SEOUL, South Korea — Heinz Insu Fenkl, a literature professor at the State University of New York (SUNY) at New Paltz, has cracked one secret to understanding the bizarre regime of North Korea: by reading its comic books.
The academic, who refers to himself as an American-Korean, spends hours in his office tucked away in upstate New York, churning out English translations of the rare books (called "gruim-chaek" in North Korea) after he gathers them at shops in China and from colleagues who travel to Pyongyang.
The plots are often wacky, usually pinning blame on loud-mouthed Americans and opportunist Japanese for cursing their promised land with vice. Most books are leaked to China through the border town of Dandong — a hub of smuggling in North Korean goods. Others end up in a single shop in Tokyo that specializes in hermit-state memorabilia. Still, others mysteriously make their way to university libraries in the U.S.
Of the "gruim-chaek" I’ve located, those published this decade tend to be spy thrillers probably aimed at young boys and teenagers. The cartoonists establish the storylines strictly as moralistic good-versus-evil tales. And almost all the books are printed in black-and-white on poor quality paper.
“I've also seen some covers of more recent comics that seem to be re-establishing a mythic narrative by referring back to old folktales,” Fenkl said, adding that he’s planning a single massive web archive for all his North Korean comic books.
The books are also designed to instill the father of North Korea, Kim Il-sung’s, philosophy of Juche — radical self-reliance of the state, added Nick Bonner, founder of Koryo Tours, an English-language tour company in Beijing that takes visitors to North Korea several times each year.
“They’re much like the themes I read when I was a kid, on the British Army fighting the ‘Nazis and Japs,’” Bonner reflected, pointing out that some propaganda plots nonetheless resemble our own. “But [in North Korea] their themes are either historic or based on the Anti-Japanese Guerilla War, or the Victorious Fatherland Liberation War [the North Korean name for the Korean War in 1950-53].”
In "A Blizzard in the Jungle," published in 2001, a group of Americans and North Koreans traveling on an airplane crash in an unnamed African country. When they’re stranded in the jungle, the Americans selfishly split ways with their North Korean colleagues, only to be devoured by alligators in a nearby river.
Let it be a warning from the Dear Leader: never embrace the self-indulging lifestyle of the American warmongers.
The fact that North Koreans were writing politically charged comic books set in Africa comes as no surprise, Fenkl said. Quite a few North Koreans live as expatriates on that continent: for years, North Korea has sent military advisers to Angola, Zimbabwe, Zambia, Ethiopia and Uganda to supply weapons and train soldiers in exchange for mineral concessions.
Strangely, one character onboard the crashed airplane is named Zacharias — possibly an allusion to Zacarias Moussaoui, a mastermind of the Sept. 11, 2001, attacks on the Twin Towers. "A Blizzard in the Jungle" was published in that same year, though Fenkl concedes this is probably a coincidence.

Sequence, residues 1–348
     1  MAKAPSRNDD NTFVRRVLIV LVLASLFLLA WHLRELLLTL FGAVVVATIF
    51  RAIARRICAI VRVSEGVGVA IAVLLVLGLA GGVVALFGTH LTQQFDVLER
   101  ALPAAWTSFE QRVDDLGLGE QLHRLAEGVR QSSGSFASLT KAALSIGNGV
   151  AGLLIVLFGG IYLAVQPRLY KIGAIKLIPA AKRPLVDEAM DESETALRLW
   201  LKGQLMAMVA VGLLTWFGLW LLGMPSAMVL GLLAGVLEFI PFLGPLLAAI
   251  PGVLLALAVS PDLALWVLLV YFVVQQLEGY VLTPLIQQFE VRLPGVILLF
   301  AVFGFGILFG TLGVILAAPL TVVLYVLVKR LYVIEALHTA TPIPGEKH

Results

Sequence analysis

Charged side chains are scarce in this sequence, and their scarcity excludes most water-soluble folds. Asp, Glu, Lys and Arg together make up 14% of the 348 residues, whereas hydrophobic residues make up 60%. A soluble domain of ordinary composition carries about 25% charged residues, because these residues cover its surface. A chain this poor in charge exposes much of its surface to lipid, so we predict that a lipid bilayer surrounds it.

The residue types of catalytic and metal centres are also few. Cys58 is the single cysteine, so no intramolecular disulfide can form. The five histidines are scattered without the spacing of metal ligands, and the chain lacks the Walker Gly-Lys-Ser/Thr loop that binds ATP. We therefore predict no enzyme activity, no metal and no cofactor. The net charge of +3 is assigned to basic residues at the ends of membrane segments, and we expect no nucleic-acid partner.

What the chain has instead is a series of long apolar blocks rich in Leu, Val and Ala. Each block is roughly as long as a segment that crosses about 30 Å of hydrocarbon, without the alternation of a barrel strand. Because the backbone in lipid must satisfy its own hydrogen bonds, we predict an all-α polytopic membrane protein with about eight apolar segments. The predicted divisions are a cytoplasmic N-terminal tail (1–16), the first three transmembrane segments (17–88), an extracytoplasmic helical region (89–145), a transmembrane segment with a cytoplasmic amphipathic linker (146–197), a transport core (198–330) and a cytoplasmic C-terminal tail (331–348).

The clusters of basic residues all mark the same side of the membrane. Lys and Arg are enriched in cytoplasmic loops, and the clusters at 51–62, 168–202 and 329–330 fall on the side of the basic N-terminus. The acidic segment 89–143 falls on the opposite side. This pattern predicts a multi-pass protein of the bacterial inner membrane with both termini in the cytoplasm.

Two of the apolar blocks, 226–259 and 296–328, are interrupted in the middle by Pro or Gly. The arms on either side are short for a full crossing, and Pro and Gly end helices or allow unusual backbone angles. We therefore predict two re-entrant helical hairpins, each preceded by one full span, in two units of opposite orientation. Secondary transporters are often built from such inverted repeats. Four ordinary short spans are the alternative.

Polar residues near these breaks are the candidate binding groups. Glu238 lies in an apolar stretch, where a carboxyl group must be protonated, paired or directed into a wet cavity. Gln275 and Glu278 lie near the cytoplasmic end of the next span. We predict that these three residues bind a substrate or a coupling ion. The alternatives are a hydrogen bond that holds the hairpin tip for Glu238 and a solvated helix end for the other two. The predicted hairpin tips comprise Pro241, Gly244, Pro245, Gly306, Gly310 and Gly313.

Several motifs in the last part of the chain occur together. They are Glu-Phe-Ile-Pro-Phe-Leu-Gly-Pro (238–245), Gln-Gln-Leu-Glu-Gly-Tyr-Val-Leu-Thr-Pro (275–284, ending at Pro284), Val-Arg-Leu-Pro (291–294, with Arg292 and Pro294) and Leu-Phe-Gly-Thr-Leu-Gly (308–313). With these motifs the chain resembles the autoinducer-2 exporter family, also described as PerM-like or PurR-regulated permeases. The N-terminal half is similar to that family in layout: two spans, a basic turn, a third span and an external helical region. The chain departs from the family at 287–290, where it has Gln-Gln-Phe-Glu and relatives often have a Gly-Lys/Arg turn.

Other comic books directly point fingers at American leaders, rather than only bashing capitalism.
In a similar storyline from 2005 called "General Loser and the Gnats," Americans who go by the last name “Bush” find themselves disgraced by their president’s policies. They change their names and confide in the revolutionary cause. (I have not yet found satires on Barack Obama out of the hermit state.)
North Korea’s comic craze is nothing new. For decades, the communist regime has distributed books to elementary school students.
One of North Korea’s most famous comic books aimed at children is "The Great General Mighty Wing," an epic narrative published by a state-run press in 1994.
Mighty Wing the honeybee confronts a horde of imperialist wasps — cunningly dressed like Japanese soldiers from World War II — trying to invade his land. After the wasps lay dead, he quickly rallies his enthusiastic colony into a workers’ collective.
By working together, they build an extensive irrigation canal that flows abundantly to all the bees — not just the powerful wasps.
Concerned about a drought and famine that would eventually kill about 600,000 people, North Korea at the time was looking for ways purvey water to its people. The regime was constructing a large irrigation canal at the same time Mighty Wing became a sensation.
"Mighty Wing, in some ways, was an iconic image,” Fenkl said. “It was a brilliant move to use bees, or beol, as a symbol to resonate with the historical irrigation project, the Yeoldu 3,000 Ri Beol.”
“The books were in color, unlike most comics,” he added, pointing out the importance the regime might have placed on this cartoon.
Mighty Wing gained fame in North Korea at the same level of Mickey Mouse in the West, thanks to the national fears the artists touched on. Kim Il-sung had died that same year — and many North Koreans were secretly uncertain about what would come next.
In his research, Fenkl recently noticed one anomaly: the "gruim-chaek" that reaches the international black market usually differs from those intended for a North Korean audience.
It appears that the editors “step in,” he said, imputing the black-market comics with less ideological content. This could mean they are purposely sending the comics across the sealed Chinese border to expand their readership.
“I will have to look into it before I come to any conclusions. 'The Crystal Key,’ for example, is pretty indistinguishable from a non-ideological comic book,” he reflected, referring to another famous book published in 1992. “[With the ideological content taken out] it would be an internationally accessible graphic novel about pirates and a virtuous family protecting their community.”